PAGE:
The Little South Fork of the Cumberland River is one of nine rivers designated as a "wild river", which means it is relatively free-flowing and unimpeded by humans. The Commonwealth's Wild Rivers Program monitors these riparian corridors to ensure that they remain healthy and as natural as possible. The KHLCF works with the Wild Rivers Program to purchase large tracts in the corridors to provide public access and further protect these valuable resources.
The Steele Hollow State Natural Area
The Steele Hollow State Natural Area conserves almost 2.5 miles of the Little South Fork. It provides access for fishing and passive recreation, as well as protects several rare species including the federally endangered palezone shiner and Tennessee clubshell, and the state listed Illinois pondweed and Rafinesque big-eared bat. This pondweed only occurs in pools associated with good quality free-flowing water. This region is where the Cumberland Plateau meets the Highland Rim, creating diverse ecological communities on the site, including Appalachian mesophytic forest, Appalachian subxeric forest, acidic xeric woodlands, xeric Virginia pine woodlands, dry sandstone cliff, mesic/wet sandstone cliff, calcareous mesophytic forest, calcareous sub-xeric forest, xeric calcareous woodland/forest, and riparian forest. Along the trails visitors will travel through many of the different plant communities and see diverse tree species including American beech, black walnut, cucumber tree, black cherry, several oaks, basswood, and yellowwood. Common shrubs are flowering dogwood, witch hazel, spice bush, streambank mockorgange, and mapleleaf viburnum. The herbaceous understory is lush and diverse, particularly in the lower elevation coves. Spring wildflowers include spotted geranium, sharplobe hepatica, Mayapple, bloodroot, and Allegheny spurge. Wildlife is equally diverse, particularly bird life. The site provide habitat for many warblers, including the Blue-winged warbler, Cerulean warbler, Ovenbird, Kentucky warbler, Louisiana waterthrush, and Hooded warbler. The highlight for hikers is the trail to "the Pilot", a knob that sits 600 feet above the river and provides outstanding views of the valley below.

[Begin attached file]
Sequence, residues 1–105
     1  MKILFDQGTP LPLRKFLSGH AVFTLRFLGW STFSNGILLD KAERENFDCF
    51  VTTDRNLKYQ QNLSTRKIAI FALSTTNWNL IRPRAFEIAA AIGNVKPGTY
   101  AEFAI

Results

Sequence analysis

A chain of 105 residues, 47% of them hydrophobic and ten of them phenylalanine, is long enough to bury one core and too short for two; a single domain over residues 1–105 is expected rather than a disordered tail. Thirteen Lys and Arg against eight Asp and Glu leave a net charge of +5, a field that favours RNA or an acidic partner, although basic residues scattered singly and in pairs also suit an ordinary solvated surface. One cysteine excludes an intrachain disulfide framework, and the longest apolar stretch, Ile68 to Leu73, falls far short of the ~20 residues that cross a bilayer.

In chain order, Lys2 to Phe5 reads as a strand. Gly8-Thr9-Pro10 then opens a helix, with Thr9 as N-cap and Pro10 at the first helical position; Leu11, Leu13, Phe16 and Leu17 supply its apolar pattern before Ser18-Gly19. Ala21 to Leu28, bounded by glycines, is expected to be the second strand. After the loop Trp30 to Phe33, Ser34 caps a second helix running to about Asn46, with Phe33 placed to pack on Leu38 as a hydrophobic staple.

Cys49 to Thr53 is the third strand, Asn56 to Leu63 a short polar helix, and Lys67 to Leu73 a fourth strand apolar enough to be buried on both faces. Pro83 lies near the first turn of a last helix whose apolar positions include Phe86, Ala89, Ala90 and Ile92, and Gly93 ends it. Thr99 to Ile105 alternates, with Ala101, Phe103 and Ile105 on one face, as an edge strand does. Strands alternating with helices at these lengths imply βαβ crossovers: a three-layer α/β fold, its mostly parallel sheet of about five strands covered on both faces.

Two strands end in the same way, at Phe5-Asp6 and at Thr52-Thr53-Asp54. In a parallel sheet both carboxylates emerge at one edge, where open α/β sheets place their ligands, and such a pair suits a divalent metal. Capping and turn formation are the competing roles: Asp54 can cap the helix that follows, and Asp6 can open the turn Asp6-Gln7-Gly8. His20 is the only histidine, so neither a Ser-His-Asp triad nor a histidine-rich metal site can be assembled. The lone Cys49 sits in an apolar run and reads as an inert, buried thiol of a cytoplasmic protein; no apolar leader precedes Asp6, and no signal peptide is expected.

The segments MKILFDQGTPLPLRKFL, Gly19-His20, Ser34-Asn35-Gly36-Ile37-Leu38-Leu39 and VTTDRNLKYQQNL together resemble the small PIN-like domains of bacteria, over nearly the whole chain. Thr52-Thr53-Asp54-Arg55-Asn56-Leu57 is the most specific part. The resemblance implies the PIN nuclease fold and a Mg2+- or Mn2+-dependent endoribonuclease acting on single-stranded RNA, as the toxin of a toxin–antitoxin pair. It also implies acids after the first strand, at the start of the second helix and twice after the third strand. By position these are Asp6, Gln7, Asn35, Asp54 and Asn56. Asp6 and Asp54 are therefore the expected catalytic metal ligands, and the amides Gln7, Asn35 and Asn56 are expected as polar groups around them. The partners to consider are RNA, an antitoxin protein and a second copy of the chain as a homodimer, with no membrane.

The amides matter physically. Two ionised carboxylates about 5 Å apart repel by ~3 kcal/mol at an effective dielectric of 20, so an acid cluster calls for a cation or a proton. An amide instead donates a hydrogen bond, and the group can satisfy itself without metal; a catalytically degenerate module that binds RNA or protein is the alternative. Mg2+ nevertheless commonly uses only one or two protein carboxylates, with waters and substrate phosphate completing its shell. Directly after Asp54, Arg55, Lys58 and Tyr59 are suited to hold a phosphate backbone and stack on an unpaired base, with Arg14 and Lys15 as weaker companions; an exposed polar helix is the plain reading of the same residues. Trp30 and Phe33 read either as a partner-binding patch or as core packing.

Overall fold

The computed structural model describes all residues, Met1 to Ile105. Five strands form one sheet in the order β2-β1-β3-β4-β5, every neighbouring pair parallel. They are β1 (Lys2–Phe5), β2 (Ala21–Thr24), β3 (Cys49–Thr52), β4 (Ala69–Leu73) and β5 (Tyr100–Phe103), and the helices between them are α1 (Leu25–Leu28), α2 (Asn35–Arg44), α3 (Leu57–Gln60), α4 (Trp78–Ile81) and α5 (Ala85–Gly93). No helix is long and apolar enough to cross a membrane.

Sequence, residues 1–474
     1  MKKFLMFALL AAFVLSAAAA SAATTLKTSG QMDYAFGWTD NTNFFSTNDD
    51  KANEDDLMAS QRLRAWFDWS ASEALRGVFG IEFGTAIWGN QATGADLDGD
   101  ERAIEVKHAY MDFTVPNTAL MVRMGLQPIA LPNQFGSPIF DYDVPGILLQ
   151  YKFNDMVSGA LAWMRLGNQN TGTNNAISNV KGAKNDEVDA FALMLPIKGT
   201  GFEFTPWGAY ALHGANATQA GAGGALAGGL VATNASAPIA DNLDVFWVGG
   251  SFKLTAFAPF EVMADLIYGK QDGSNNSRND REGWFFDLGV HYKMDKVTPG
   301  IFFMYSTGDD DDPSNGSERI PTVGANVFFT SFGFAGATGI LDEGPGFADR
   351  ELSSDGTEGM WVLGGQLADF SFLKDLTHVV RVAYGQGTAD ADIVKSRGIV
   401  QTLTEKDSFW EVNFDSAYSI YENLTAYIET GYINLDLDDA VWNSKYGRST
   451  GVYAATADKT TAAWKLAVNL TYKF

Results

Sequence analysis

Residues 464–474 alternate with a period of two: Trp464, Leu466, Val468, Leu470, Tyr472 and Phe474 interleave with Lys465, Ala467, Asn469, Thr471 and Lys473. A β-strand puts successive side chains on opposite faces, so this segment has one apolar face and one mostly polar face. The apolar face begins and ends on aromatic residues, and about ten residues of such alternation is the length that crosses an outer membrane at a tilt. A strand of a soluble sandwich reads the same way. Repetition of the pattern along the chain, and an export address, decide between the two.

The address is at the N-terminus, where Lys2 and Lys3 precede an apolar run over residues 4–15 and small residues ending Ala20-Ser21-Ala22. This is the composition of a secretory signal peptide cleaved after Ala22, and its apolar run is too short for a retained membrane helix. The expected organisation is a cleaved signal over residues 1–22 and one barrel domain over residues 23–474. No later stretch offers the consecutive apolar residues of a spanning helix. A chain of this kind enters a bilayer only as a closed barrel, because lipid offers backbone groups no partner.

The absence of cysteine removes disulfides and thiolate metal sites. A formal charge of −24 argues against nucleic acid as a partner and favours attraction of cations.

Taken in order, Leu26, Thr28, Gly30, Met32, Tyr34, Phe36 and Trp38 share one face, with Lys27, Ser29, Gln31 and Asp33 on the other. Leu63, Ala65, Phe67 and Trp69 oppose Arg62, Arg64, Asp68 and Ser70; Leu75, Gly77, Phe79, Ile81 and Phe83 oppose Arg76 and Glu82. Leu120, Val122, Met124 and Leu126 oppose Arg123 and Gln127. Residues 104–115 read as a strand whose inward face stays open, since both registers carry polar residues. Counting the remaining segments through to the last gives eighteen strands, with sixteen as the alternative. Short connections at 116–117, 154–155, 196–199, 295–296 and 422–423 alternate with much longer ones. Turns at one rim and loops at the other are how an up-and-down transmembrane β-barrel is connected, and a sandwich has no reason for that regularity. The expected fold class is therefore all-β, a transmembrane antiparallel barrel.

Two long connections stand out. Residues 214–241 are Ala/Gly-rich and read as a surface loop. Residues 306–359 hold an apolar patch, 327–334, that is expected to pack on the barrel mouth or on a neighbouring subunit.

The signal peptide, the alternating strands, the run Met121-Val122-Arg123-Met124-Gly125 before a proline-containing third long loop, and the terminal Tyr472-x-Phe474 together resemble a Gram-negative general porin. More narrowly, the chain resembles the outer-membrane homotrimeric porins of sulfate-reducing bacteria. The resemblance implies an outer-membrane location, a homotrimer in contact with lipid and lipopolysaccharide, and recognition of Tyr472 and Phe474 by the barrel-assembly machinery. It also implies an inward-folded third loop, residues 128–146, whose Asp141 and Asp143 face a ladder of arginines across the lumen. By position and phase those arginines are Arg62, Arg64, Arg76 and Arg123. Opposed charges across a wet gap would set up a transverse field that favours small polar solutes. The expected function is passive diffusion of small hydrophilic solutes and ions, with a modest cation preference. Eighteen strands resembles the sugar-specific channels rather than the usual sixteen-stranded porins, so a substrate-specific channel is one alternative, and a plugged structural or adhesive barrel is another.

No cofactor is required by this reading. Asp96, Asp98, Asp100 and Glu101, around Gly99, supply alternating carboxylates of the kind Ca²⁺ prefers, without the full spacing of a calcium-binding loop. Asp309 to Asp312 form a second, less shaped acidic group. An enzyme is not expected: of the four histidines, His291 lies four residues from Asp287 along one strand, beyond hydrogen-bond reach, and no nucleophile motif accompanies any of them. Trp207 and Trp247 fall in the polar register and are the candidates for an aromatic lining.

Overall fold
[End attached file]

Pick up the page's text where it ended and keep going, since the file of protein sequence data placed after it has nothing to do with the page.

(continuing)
Open to the public by foot traffic only, no ATV or horseback riding, and overnight camping and campfires are prohibited within 30 feet of a wild river. Hunting and fishing are allowed according to state law. From Monticello take KY 92 East for 10 miles, then right on KY 1756 for 3 miles, then continue on Parmleysville Road for 1 mile, then Griffin Rice Mt Road for 0.3 miles, then Steele Hollow Road for 1 mile. After you cross the Little South Fork on a metal bridge you are on the property – parking is just up the hill.
Burnett Branch State Natural Area
This unit is closed until stream restoration and access issues are completed.